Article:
Temperature is one of the biggest enemies of electric car range. Some of them keep batteries in the prime operating temperature range for best performance, but they also keep people in their Main operating temperature. And that requires energy, which in turn takes away from what can be used for travel. In an effort to find more efficient ways to manage cabin temperature (especially heat), Ford conducted an experiment to see which worked better, a conventional HVAC system or heated interior panels.
The trial focused on delivery vehicles using E-Transit vans. The reason is that frequent opening of the doors can make it difficult to keep the cabin warm. And the company compared regular vans running HVAC and modified vans with nearly every surface hiding heating pads. and we mean Everyone, Seats, headrests, armrests, door panels, sun visors, lower steering column cowls and even the floor mats. At the end of Ford’s test period, which appears to have spanned several seasons, the heated panels managed to use 13% less energy keeping the cabin comfortable. Ford says the savings can result in a 5% improvement in driving range.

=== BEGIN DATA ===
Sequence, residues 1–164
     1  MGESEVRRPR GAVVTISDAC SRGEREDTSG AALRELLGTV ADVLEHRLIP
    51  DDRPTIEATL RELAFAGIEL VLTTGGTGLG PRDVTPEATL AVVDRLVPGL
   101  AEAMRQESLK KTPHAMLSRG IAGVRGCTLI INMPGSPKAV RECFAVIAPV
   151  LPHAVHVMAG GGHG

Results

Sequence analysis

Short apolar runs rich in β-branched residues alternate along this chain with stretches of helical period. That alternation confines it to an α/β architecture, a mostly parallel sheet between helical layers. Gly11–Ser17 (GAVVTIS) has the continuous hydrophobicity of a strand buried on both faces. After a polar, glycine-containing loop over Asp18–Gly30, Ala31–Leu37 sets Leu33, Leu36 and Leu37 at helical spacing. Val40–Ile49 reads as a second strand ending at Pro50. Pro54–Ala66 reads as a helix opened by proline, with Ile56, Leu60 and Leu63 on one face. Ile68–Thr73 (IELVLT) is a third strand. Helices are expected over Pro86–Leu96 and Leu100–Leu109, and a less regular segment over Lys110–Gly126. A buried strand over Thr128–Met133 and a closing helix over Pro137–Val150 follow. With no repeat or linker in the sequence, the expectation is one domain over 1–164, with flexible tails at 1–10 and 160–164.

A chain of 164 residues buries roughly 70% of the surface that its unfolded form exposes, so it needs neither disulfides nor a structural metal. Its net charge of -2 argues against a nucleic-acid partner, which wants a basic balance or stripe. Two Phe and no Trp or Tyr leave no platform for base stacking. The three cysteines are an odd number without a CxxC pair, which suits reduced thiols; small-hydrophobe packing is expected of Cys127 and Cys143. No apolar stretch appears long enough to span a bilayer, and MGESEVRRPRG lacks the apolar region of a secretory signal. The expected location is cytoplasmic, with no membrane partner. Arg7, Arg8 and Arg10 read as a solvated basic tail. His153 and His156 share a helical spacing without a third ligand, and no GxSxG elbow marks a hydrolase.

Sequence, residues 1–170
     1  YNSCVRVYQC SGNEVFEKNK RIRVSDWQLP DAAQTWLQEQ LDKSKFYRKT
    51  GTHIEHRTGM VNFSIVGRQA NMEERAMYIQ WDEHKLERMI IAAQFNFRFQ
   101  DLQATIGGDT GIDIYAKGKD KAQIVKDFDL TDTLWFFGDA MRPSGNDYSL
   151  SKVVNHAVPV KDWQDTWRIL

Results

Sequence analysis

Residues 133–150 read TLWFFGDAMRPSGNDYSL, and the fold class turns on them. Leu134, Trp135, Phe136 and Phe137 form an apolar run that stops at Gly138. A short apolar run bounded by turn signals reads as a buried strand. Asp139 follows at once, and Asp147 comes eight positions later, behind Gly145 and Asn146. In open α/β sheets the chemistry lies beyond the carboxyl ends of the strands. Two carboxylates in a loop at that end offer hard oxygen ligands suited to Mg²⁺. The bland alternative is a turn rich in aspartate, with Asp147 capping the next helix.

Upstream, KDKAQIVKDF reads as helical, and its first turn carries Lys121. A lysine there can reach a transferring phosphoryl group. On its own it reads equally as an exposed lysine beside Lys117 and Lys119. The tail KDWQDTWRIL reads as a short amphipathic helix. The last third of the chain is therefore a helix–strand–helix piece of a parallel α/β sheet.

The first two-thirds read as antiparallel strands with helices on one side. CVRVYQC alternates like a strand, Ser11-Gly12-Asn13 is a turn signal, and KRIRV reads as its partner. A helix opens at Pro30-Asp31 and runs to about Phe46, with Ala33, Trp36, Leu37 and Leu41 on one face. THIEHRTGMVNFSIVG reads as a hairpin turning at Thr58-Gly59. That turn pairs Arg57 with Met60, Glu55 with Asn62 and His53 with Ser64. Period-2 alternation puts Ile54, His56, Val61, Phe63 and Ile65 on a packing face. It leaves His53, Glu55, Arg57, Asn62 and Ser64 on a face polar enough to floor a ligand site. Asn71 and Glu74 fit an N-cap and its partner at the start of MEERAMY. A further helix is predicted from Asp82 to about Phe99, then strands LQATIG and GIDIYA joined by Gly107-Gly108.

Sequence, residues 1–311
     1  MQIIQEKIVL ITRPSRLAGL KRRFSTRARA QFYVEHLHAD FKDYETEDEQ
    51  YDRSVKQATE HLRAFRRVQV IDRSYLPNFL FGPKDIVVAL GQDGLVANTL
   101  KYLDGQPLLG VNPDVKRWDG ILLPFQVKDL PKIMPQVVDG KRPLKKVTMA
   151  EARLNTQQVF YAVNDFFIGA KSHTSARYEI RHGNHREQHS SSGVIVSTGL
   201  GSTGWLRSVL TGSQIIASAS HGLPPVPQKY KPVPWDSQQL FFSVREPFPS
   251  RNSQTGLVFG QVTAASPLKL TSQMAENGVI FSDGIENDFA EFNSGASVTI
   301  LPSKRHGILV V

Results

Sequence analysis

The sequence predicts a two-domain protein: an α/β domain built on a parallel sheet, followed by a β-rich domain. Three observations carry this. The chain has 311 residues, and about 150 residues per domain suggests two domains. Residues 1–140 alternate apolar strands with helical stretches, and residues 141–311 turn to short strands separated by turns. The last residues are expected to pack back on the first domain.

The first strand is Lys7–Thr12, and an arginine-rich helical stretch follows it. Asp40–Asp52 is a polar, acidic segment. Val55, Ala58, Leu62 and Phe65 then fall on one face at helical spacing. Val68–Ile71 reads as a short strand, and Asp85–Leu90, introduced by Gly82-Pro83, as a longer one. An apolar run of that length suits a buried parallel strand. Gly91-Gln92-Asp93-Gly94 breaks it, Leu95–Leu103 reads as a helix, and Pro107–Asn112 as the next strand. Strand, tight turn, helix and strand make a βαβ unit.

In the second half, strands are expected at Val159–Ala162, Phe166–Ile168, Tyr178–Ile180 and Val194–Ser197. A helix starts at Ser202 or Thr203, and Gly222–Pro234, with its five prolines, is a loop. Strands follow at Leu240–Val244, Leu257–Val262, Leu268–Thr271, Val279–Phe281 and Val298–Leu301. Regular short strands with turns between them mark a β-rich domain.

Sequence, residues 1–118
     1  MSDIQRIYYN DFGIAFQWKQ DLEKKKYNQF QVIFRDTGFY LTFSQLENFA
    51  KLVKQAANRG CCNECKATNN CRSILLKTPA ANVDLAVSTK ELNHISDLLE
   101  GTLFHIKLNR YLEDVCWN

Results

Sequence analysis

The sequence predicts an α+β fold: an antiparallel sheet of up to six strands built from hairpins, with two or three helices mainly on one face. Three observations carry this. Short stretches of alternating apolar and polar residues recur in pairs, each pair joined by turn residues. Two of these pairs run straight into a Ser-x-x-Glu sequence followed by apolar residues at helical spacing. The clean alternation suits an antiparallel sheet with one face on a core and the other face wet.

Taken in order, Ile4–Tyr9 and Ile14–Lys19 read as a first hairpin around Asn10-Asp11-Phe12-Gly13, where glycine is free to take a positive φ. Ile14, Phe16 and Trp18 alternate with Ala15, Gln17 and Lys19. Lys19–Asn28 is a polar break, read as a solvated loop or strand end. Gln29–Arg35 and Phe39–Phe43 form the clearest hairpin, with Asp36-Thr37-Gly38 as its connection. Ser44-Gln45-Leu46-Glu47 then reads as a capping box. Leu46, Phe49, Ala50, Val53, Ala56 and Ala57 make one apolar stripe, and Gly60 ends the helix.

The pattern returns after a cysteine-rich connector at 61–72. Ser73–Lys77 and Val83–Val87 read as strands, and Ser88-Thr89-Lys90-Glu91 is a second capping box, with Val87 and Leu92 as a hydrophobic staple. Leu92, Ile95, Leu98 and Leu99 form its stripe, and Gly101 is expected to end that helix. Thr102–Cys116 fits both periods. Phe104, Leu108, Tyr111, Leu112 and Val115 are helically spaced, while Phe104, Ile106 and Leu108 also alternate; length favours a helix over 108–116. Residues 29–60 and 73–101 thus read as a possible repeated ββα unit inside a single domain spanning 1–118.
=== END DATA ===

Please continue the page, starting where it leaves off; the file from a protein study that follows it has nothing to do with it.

According to Ford, this is because whenever the doors of these delivery vans are opened, much of that warm air is lost immediately, and when your heater is only exclusively heating the air, you’re going to end up with a Kind of back to first place. But by heating the various surfaces in the cabin, they’ll mostly stay warm, even with the doors open, so less energy is lost.
Ford’s test is further evidence that having more temperature-controlled surfaces can increase efficiency. Back in January, automotive parts supplier ZF revealed its design for heated seatbelts, which it believes could help keep climate control energy usage down.
Certainly heated interior panels are entirely possible for cars today. Luxury automakers such as BMW and Mercedes have been offering heated armrests in addition to seats and steering wheels for years. Of course, it is possible that they are a bit expensive, so for now only offered in luxury cars. But since electric cars aren’t particularly affordable yet, they may still become popular.
It’s also worth noting that this test was done on vehicles with the idea that they would frequently open the doors and lose heat. These features may reduce the benefits in passenger cars that are not constantly losing heat. But we’re still at the point where every mile can count in an EV. It will be interesting to see if more heated panels are introduced in the near future.